What does it take to be an entrepreneur?
In my blog article of 12th Feb 2021, I outlined the fact that at the turn of this Century ‘becoming self-employed and starting your own business’ came 6th as a viable option for University students. Now, against the background of the explosion in new tech, fuelled by readily available Government assistance and Venture Capital investment the option comes in at 1st or 2nd, as a new generation of entrepreneurs’ no longer trust fate to provide a long career. And as such would rather take charge of their own future’.
Now despite the current background of COVID-19 and, prior to that, Brexit, the banking crisis and the dot com collapse, becoming self-employed is still very much an option. But it is an option not for everyone.
Long before a business plan is devised, long before the completed cash flow, sales expectation chart, website template and business card is designed, the potential entrepreneur should take a good look at him/ herself and ask themselves three questions. ‘Will my family/ social group support me in this endeavour? Am I happy selling?’ If the answer is no to one of those questions, then my advice would be for the moment to rethink the business idea and work out ways that solve these potential problems. Family/ social group may not support me? Then discuss your concept in detail with them. Cannot sell? Then bring to the team someone who can.
It is vital for any would-be enterprise to source clear, dispassionate and professional advice, based on experience. Somebody who acts as a sounding board for the concept may have previously advised other clients operating in a similar field and learned from their experiences.
Currently, new business ideas are very much based in the worlds of tech, social enterprise and the environment. These are very much the three main growth areas. Bearing in mind that the BoE expects a spend wave of pent up expenditure in both B2C and B2B markets as high as £125 billion in the UK alone, the coming months will provide unique growth opportunities for the small and mid-sized businesses (SMBs).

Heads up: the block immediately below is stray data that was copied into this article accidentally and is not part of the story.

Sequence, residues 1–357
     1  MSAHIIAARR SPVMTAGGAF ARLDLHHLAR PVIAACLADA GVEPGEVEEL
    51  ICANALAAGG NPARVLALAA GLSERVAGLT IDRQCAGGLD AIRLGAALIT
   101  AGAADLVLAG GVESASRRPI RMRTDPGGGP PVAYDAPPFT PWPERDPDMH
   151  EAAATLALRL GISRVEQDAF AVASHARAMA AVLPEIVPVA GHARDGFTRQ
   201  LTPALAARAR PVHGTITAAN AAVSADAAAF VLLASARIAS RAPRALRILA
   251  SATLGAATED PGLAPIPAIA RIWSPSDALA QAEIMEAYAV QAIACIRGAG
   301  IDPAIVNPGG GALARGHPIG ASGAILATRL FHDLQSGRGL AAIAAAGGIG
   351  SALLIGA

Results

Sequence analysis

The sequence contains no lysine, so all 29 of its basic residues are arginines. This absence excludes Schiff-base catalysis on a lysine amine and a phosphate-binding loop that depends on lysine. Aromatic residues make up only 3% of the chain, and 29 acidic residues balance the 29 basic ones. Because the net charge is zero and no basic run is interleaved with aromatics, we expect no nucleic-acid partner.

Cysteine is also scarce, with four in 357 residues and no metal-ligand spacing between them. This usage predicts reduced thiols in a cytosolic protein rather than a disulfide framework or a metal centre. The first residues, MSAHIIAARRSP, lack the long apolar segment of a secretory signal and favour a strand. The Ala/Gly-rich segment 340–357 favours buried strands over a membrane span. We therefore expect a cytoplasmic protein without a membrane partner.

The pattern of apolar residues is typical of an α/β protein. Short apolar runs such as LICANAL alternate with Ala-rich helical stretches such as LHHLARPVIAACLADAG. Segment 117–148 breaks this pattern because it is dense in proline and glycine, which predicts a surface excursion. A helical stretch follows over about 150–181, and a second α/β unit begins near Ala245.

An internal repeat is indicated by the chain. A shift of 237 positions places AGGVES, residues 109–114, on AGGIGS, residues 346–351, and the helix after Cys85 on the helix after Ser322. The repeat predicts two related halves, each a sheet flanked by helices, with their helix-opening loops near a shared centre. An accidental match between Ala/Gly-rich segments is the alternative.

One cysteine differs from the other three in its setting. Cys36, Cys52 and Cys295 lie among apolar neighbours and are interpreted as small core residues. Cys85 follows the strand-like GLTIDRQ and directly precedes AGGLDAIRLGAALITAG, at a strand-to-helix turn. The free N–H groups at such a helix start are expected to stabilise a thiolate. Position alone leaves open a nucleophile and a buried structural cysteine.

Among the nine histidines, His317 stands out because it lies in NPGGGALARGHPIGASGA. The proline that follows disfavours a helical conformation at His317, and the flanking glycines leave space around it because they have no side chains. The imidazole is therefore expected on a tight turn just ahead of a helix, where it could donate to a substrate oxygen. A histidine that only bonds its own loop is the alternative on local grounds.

Commitment and opportunity
However, as good as any concept is and however strong the potential market is, it is the people running the project that are paramount. If they want to be an entrepreneur, but doubt themselves or their own commitment then that will reflect itself in the business pretty quickly. If the team or individual are surrounded by peer support and supported by that impartial advice then the chances of concept/ SMBs success are greatly enhanced.
We are living in a fast-changing business environment which will be both exciting and demanding to businesses of all sizes. To the larger companies by way of testing their ability to react quickly, to the SMBs by meeting customer/ client demands. It could be argued that these economic times are providing a unique opportunity to both start-ups and SMBs in later stages, due to the fact that they will find it easier to meet expectations in this market, while the larger businesses may have got a bit stuck in their ways.
So to sum up, there is a large spend wave heading towards the UK business sector over the next few months. The business marketplace has changed quickly. If you have a business idea and a positive outlook, as well a saleable concept – product or service – with a positive minded team around you, and good venture support at hand, then this could very well be a golden business period to be an entrepreneur. Both B2C and B2B. Enjoy it!
To learn how we can help your small or mid-sized business (from the idea stage onwards):